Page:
The Difference Between Being Alone and Being Lonely After 60
If you have been following Sixty and Me for a while, you know that one of my big ambitions is to help solve the problem of loneliness among Baby Boomers. This is one of the reasons that I launched Boomerly, a new site to help Boomers make friends who share their interests.
When I first started talking about loneliness, some people asked me whether I was adding to the problem by “labeling” people. They asked whether being alone is necessarily a “bad” thing.
These women would probably agree with Delta Burke, who said “I don’t like to be labeled as lonely just because I am alone.”
I think that this is an important point to discuss, so, I wanted to say a few words – then, I’d love to get your opinion on this.
To be clear, there is absolutely nothing inherently wrong with “being alone.” As I described in a previous video, for introverts, this is an essential part of recharging our batteries. But, being lonely is a different matter altogether. Being lonely is something that happens when we feel trapped in our isolation. Loneliness is the feeling that you get when you want meaningful social contact and can’t find it.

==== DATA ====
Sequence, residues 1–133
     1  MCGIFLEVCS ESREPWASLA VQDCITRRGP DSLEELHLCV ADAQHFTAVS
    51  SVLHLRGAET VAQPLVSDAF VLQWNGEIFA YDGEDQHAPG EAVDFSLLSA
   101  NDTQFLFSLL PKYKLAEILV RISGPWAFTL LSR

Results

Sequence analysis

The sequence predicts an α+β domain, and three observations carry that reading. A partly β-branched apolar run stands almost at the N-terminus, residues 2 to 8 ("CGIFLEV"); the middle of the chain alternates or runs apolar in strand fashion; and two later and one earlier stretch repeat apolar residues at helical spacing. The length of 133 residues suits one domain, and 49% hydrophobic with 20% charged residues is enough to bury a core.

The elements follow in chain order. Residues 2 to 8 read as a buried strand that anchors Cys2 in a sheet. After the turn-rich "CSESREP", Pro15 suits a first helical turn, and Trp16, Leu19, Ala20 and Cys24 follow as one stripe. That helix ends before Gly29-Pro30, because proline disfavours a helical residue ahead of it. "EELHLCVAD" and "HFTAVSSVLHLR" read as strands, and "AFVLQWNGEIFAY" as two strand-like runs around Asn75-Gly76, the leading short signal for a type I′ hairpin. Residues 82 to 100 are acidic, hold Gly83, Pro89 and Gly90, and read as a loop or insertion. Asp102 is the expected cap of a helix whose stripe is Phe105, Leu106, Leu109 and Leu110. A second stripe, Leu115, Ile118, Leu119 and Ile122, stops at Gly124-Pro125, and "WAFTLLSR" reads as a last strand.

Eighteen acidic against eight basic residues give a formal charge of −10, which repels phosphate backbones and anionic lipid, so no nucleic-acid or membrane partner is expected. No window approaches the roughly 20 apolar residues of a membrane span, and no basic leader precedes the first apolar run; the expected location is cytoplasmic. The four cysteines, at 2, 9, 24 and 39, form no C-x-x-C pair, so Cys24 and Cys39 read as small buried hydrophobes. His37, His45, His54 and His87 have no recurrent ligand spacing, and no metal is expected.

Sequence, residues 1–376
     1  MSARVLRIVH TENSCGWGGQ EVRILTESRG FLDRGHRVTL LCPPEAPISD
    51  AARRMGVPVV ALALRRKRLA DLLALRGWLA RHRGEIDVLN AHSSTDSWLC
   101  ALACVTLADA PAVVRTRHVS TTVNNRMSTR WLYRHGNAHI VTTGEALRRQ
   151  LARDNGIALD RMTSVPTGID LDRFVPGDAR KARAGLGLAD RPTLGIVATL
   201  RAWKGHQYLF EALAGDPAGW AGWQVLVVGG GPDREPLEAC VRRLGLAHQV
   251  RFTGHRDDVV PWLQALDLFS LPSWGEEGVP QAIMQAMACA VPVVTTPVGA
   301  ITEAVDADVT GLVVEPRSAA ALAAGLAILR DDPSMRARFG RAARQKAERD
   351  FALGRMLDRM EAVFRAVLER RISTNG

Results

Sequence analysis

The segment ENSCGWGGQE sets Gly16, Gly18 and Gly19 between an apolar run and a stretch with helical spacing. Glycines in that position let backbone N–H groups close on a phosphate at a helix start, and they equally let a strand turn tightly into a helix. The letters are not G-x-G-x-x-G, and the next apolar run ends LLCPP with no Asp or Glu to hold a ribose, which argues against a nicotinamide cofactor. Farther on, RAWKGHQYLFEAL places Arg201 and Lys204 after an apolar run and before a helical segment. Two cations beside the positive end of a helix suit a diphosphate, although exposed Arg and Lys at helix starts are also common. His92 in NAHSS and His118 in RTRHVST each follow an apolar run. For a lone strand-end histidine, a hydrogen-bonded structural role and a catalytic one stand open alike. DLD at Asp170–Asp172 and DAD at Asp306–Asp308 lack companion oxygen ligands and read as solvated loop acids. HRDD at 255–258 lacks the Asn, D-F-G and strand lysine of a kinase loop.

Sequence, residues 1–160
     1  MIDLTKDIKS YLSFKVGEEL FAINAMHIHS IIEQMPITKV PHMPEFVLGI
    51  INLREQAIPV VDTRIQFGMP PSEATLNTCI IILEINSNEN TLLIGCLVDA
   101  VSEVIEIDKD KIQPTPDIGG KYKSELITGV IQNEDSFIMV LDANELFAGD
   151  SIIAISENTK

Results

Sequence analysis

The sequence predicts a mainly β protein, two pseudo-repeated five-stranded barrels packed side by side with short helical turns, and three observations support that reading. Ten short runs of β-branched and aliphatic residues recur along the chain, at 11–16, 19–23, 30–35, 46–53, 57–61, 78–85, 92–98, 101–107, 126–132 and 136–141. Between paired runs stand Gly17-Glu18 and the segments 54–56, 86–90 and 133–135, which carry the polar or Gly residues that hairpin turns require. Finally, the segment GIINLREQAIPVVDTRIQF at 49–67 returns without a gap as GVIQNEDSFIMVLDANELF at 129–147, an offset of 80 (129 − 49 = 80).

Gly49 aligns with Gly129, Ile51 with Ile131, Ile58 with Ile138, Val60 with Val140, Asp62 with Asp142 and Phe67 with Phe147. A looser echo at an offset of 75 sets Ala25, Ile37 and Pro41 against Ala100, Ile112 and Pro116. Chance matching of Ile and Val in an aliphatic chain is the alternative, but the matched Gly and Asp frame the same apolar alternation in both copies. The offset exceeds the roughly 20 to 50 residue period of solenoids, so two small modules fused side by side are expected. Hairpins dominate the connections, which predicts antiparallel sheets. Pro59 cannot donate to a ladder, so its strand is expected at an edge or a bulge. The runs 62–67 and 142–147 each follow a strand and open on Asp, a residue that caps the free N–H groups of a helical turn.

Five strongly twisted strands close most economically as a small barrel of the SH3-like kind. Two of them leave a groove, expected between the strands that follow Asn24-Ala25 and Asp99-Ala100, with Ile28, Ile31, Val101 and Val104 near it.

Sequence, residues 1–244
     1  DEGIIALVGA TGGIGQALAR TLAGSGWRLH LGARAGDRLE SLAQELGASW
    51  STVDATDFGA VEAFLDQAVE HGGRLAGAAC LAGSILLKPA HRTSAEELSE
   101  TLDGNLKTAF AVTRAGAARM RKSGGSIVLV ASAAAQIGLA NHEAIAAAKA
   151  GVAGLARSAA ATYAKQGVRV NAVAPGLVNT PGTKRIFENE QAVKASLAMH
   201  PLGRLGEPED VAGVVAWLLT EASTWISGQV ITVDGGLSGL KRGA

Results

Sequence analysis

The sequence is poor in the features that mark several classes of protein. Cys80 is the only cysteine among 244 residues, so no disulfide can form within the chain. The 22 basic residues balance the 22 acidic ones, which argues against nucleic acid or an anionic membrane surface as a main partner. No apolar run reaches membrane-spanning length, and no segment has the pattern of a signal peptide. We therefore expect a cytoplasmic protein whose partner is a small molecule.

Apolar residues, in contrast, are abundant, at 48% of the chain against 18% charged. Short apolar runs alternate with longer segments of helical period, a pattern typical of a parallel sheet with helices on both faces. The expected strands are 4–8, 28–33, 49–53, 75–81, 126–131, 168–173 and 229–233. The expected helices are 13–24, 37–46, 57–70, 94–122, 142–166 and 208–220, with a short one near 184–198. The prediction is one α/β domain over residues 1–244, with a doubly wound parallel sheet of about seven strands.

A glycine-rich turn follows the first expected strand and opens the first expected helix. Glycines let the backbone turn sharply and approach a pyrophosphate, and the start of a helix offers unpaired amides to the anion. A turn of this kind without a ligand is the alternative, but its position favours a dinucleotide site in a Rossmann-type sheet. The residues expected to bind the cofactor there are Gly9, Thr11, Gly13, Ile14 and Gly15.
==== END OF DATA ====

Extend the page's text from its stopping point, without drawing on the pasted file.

Just because you are feeling lonely, doesn’t meant that there is anything wrong with you. But, at the same time, you shouldn’t have to accept loneliness as a “normal” part of aging either. All of us deserve to have friends and we can do more to help people who are suffering from loneliness around the world.
I’d love to get your thoughts on this. Please answer the questions below and “like” and share this article to keep the conversation going.
What advice would you give to a friend who is feeling a little lonely? Do you agree that there is a big difference between “being alone” and “feeling lonely?” Why or why not? What do you think we can do as a society to address the issue of loneliness among older adults?